Anyone who has no taste for hustling 18 hours a day, seven days a week. Located on a ridge outside of town, just beyond a cattle guard at the end of a dirt road, KYUS is housed in an aluminum shed the size of a tennis court and features one color camera, a secondhand transmitter and all the homey clutter of an attic. "Five of us—my wife, Ella, me and three young fellas just out of broadcasting school—run the place," Rivenes says. "Our range is 75 miles on a good day, next door on a bad one. I'm on a lot because I work cheap."
Rivenes signs the station on at 6:30 a.m. ("Well, it's a honey of a day") and is still there at long day's end, sweeping up after the midnight sign-off. In between, Ella handles the paper work, plays host to David's cast of puppets on their children's show and supplies the sound effects, muffled hoofbeats being a specialty. She also assists Rivenes in his multifarious roles as newscaster, reporter, cameraman, engineer, meteorologist, ad salesman, set designer and all-round troubleshooter. How do they keep up? "With great difficulty," says Rivenes. "We average about four hours sleep a night. But it's enough."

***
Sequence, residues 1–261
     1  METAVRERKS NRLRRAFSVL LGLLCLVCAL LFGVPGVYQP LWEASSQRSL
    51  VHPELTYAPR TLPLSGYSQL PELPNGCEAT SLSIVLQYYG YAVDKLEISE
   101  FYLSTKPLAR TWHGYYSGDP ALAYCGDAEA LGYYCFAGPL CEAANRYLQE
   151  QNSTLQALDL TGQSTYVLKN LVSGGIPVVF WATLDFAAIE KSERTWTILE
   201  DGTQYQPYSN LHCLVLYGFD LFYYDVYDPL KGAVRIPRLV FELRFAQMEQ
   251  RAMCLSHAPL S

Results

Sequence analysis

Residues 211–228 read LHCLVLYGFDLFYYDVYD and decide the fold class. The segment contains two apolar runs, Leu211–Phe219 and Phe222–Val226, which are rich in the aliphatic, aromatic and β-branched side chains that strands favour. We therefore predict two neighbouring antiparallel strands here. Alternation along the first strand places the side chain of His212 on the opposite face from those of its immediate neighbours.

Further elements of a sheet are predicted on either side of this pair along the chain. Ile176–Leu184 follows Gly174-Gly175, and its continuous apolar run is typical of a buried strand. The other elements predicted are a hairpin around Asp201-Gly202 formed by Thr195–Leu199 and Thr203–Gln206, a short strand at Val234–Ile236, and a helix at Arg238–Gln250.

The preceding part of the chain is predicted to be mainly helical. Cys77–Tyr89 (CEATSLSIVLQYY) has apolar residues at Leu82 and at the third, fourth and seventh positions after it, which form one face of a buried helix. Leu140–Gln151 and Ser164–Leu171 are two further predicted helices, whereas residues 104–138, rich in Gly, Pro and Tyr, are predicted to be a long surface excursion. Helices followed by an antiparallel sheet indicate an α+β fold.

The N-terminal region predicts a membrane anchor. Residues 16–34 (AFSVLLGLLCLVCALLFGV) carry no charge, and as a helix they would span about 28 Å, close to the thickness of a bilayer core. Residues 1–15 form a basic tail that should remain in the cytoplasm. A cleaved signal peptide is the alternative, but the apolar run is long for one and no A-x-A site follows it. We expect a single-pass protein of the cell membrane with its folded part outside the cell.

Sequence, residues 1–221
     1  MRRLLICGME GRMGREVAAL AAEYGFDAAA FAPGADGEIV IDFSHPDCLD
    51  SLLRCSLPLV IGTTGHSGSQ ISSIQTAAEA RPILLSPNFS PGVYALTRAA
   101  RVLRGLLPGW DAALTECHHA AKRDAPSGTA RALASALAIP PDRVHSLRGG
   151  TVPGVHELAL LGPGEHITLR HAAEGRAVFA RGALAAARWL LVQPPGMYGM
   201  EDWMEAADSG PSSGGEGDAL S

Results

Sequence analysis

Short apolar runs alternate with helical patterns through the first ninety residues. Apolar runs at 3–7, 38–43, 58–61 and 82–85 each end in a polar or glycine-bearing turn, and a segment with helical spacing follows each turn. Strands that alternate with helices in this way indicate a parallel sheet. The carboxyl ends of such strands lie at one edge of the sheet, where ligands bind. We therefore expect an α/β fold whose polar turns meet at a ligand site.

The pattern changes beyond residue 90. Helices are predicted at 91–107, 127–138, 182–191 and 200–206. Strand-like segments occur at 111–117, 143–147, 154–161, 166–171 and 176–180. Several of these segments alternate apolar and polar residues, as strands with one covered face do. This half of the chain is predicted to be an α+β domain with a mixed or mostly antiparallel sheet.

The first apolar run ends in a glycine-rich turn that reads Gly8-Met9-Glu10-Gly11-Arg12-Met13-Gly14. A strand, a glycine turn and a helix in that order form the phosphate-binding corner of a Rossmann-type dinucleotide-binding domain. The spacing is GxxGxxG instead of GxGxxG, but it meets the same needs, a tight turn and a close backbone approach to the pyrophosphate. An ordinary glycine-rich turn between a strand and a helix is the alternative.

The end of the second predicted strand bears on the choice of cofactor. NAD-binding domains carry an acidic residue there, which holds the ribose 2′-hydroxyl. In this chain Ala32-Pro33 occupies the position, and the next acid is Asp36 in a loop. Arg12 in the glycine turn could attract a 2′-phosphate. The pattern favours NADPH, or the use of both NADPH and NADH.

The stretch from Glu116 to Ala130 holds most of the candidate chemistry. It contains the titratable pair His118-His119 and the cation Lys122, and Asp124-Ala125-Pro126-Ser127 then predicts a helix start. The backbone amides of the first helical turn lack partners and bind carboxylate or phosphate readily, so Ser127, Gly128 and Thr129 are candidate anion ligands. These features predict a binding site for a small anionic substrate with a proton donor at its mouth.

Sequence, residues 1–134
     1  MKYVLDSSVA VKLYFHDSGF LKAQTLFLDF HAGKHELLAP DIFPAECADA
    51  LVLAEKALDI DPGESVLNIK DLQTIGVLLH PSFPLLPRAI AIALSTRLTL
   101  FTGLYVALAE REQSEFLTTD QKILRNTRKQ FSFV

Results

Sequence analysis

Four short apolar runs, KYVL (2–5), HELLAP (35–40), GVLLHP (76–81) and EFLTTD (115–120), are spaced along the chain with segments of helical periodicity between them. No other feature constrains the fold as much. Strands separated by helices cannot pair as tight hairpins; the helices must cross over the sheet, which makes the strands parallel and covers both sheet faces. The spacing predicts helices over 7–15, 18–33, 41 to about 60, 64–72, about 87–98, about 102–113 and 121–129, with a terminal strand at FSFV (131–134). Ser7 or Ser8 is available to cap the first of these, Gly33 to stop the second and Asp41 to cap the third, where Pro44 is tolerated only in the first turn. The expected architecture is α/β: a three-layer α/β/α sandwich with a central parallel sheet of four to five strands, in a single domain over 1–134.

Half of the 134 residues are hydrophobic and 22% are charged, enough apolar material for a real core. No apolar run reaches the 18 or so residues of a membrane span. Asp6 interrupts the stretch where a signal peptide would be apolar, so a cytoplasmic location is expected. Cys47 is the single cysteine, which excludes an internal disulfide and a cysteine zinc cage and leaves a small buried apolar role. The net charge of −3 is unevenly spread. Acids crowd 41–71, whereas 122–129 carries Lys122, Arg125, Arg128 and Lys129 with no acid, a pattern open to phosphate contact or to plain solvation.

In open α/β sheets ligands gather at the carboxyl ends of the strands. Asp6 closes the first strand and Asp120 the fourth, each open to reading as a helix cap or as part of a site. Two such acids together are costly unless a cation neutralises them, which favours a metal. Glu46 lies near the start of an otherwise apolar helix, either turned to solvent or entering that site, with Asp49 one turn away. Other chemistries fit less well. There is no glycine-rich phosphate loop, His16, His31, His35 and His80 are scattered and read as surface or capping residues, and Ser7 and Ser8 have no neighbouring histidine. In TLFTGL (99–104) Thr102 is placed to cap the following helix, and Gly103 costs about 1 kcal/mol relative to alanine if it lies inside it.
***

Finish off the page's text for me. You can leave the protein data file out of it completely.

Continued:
It has to be. The station, which Rivenes built in 1969 with a $300,000 loan, has never made a profit. The insurance business keeps the family afloat and helps free Rivenes for the six weeks of the year he is on the road promoting sports. His credo: "If you can't be rich, have fun."
And so he does, down-home fashion. On his popular newscasts he thinks nothing of saying, "Hold it a jiff," and strolling off to adjust the camera or answer a jangling telephone. To see Rivenes in action, in fact, is to understand why a man who can charm the warts off a hog's back, as they say in Big Sky country, has no trouble managing the old mules of the sports Establishment.